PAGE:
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First 5 things to do when creating a spreadsheet

I always find myself giving people these few tips with their spreadsheets, so I wondered… are there a lot of people who would benefit from them?

So you’re putting together a spreadsheet? You’ve already taken the first step toward organizing your information is a much more useful way that simple text documents.

Determine where the file should be saved

One complaint I hear often from teams is that it’s hard to find needed documents. If your using a cloud-based suite, like Google, this is only made more complicated by the ease of making new documents. One link click and voila — you have a spreadsheet. But the default behavior is to save that in “My Drive,” a folder without share permissions.

Decide on your column headers

Be intentional with the data you are storing in your spreadsheet and stick to it. This is just an initial step — you can easily add columns later on — but it’s best to think about all the possibilities now. I’d rather remove a column I didn’t need then have to go back and populate more data.

  • Status: Assigned, Working, Done

Lock your header row; bold the text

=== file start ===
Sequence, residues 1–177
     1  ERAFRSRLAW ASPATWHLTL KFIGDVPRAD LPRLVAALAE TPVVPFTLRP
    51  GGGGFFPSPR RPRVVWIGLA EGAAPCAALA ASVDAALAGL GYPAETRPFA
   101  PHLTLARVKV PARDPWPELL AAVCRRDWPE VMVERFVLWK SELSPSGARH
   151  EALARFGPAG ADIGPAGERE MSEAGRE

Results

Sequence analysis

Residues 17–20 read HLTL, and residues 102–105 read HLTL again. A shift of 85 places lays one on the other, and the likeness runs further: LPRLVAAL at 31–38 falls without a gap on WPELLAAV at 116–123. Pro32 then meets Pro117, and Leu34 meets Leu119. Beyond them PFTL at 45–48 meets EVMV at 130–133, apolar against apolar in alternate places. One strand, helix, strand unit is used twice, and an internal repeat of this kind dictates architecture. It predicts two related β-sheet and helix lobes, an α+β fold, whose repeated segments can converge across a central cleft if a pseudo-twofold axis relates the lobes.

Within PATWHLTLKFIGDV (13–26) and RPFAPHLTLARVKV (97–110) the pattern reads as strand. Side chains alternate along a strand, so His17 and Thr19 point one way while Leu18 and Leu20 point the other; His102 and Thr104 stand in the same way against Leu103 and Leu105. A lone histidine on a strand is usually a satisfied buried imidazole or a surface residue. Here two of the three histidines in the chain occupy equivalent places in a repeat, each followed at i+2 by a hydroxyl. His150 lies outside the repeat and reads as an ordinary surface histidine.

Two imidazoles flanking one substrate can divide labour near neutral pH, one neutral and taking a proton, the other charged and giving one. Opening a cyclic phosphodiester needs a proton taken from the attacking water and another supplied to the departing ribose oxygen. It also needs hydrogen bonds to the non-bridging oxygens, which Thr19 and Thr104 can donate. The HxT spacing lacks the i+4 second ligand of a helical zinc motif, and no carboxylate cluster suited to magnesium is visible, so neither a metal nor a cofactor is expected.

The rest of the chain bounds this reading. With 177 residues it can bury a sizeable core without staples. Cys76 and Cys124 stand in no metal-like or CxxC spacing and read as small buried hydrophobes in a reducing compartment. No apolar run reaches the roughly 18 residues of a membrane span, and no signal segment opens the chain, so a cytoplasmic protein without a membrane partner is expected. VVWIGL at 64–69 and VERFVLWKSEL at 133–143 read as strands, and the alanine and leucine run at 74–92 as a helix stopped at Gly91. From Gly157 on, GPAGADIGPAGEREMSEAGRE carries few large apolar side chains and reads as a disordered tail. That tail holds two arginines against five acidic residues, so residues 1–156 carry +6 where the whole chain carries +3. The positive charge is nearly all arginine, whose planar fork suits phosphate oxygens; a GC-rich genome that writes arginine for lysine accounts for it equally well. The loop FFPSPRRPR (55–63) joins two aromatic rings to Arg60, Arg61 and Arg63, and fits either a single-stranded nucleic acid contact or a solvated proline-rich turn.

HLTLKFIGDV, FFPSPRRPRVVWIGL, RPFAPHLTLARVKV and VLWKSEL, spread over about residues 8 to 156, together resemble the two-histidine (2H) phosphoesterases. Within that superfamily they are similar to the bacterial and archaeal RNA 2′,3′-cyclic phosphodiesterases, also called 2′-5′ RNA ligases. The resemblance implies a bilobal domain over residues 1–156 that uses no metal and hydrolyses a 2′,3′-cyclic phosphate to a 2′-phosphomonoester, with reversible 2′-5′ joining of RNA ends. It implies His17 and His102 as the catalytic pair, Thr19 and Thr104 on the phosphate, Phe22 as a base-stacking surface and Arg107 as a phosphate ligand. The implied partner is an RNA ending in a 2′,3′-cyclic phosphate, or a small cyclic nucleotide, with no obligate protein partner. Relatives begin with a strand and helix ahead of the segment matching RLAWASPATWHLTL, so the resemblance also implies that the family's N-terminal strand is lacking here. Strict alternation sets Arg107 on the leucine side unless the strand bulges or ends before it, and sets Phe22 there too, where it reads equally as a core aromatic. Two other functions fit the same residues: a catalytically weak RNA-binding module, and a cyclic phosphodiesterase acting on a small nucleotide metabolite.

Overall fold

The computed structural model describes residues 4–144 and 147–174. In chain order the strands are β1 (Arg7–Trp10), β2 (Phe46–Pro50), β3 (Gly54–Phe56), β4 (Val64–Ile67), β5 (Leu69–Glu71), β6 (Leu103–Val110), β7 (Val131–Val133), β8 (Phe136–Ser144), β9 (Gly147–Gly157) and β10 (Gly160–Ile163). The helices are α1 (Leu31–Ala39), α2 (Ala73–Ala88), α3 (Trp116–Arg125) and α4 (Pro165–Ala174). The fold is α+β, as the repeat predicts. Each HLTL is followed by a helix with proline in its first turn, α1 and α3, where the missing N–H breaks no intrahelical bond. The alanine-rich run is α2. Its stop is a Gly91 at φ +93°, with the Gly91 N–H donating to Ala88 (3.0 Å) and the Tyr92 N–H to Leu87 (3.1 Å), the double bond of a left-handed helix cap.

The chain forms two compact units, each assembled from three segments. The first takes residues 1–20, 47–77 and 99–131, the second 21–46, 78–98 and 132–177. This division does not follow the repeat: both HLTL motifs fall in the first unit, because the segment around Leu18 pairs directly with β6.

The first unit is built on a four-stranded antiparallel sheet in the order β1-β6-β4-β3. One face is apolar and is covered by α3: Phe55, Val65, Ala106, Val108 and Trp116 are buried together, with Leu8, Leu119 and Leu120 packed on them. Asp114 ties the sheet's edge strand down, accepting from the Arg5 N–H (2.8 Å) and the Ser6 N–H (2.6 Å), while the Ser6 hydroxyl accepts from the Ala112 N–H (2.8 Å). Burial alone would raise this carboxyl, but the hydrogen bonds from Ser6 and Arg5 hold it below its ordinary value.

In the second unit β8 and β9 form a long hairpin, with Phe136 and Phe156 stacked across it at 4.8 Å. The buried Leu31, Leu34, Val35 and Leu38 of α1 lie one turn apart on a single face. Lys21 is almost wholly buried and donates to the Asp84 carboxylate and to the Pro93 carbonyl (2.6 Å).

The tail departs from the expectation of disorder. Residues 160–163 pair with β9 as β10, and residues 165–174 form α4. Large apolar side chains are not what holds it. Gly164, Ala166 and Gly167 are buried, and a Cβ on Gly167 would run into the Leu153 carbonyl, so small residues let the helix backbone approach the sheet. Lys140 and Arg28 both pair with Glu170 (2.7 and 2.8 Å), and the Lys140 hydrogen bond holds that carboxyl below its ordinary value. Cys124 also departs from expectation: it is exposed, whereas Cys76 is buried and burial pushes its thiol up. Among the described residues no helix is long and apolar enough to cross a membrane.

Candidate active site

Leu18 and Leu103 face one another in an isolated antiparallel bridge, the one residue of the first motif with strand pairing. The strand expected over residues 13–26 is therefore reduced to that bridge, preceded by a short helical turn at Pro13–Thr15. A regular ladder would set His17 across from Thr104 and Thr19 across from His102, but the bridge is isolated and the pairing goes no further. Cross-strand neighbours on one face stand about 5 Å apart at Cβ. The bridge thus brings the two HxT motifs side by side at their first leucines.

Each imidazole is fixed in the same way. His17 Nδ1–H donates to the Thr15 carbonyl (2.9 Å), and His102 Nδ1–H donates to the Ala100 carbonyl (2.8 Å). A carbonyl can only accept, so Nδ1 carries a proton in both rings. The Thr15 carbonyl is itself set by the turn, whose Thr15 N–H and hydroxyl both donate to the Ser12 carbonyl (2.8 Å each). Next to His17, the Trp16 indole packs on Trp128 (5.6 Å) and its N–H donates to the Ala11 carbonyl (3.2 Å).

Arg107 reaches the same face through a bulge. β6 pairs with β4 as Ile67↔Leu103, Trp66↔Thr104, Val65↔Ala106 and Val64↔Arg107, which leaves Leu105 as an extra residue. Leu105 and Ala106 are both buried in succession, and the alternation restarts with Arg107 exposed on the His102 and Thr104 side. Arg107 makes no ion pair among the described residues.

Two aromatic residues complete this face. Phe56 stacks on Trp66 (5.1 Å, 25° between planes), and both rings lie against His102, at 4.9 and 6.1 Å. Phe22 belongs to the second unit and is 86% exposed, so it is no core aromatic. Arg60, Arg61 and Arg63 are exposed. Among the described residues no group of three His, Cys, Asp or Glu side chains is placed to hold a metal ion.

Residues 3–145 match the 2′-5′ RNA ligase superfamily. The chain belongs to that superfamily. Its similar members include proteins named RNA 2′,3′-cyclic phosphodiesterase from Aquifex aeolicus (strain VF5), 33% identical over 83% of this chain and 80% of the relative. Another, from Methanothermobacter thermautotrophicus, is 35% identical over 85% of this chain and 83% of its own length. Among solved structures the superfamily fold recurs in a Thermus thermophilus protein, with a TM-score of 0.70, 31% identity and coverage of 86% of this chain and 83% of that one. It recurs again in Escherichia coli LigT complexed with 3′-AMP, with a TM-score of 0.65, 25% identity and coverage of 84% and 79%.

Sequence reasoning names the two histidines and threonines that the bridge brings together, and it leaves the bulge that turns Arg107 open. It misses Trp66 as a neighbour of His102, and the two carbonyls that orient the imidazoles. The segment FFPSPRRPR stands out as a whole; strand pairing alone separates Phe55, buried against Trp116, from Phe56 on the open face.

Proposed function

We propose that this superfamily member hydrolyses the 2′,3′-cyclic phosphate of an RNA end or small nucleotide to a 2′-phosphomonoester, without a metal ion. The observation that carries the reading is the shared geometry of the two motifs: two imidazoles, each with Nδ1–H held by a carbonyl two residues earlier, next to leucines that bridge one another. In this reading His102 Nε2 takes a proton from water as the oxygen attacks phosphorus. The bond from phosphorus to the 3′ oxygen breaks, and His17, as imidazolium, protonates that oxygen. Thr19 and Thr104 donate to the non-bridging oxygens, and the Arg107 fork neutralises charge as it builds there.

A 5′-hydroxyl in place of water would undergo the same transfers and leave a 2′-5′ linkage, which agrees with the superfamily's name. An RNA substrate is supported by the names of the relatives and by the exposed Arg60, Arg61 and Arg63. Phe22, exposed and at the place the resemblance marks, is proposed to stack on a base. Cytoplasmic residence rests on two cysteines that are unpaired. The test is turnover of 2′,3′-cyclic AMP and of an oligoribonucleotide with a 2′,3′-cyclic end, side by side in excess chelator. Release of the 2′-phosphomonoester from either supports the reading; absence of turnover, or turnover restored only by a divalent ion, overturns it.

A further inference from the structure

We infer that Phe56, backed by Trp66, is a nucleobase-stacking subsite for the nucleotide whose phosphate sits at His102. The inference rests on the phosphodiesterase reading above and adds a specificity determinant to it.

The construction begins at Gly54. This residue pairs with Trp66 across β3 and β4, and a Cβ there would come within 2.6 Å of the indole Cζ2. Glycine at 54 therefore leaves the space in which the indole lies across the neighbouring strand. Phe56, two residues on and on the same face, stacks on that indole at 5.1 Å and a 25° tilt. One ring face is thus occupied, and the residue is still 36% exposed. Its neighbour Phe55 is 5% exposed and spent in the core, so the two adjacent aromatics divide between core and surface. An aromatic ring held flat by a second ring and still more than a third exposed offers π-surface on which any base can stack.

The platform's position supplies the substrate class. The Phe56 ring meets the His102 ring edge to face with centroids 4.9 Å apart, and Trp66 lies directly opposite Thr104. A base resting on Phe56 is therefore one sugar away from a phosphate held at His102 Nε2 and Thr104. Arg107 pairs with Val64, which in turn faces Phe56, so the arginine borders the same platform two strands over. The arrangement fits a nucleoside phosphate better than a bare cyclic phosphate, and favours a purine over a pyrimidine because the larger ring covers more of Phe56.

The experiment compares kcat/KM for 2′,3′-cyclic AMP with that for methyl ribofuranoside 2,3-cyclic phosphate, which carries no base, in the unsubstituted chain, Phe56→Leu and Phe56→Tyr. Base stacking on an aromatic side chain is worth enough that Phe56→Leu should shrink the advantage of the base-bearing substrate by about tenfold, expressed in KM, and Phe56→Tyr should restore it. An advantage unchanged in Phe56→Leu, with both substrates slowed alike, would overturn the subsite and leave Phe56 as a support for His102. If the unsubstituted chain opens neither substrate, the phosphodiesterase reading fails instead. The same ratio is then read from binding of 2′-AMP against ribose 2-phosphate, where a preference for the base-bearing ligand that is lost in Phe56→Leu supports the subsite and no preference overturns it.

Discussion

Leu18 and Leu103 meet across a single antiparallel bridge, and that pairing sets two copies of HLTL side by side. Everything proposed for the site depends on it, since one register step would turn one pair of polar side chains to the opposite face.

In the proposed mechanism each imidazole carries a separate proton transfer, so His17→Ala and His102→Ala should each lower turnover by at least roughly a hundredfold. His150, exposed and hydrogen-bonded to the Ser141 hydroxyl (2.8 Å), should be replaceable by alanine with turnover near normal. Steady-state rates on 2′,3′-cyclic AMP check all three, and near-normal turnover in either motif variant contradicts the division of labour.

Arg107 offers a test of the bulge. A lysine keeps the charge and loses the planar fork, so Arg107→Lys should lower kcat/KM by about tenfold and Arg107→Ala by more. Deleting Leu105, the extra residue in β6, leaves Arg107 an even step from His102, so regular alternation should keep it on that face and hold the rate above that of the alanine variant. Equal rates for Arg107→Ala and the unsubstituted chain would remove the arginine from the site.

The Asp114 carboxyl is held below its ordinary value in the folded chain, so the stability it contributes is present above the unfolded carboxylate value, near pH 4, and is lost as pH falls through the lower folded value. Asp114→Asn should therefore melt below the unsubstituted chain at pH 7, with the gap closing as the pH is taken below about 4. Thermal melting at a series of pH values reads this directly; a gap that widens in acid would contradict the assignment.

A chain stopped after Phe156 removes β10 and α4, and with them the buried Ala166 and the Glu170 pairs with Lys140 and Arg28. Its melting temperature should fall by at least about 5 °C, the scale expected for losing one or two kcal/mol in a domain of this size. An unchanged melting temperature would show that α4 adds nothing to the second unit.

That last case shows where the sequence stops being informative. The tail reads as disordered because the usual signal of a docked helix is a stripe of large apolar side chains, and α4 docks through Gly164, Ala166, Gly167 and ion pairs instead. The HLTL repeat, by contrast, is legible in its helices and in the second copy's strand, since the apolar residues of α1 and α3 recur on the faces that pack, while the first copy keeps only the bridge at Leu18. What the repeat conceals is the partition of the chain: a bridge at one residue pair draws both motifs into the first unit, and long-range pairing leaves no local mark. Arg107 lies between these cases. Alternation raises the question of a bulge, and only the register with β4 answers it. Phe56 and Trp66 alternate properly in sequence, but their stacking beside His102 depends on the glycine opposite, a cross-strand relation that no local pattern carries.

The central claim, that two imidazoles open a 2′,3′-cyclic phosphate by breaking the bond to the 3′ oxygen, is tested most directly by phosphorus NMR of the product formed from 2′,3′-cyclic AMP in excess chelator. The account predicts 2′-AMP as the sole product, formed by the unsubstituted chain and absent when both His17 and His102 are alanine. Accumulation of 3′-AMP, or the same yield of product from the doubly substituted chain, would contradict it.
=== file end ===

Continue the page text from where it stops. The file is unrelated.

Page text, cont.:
This seems to be a little-known feature but it can be a game-changer for people working with large sheets. You can lock the header row.

Delete all the extra columns

So you’ve decided on eight column headers. That means there are another 18 that are just visual garbage. Google Sheets defaults to 26 columns (a-z). That’s just a default. It’s on you to tell if how many you need.

Delete all the extra rows

How much data are you going to enter? Twenty records at first with more to come? Then you don’t need 10,000 rows — the Google default.

[Optional] Lock your first column

This is especially necessary when dealing with a lot of columns. Have you ever scrolled to the right and lost track of what row you needed to look at? So then you remember “row 53” and you scroll. That’s completely unnecessary.

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Here’s a small basic sample of a spreadsheet that follows these tips. They get much more useful when dealing with more than six rows and five columns!

Stick to it!

This is the beauty of spreadsheets: data that follows a structure. It allows you to work with the data in powerful ways. If you need to add anything that doesn’t fit your structure, create a new sheet/tab and give it a new structure.

Written by

Senior Digital Manager @ONA; Formerly @nwherald, @pewresearch, @fiscalnote. Softball pitcher; journalist; pizza. Grad of @Illinois_Alma.

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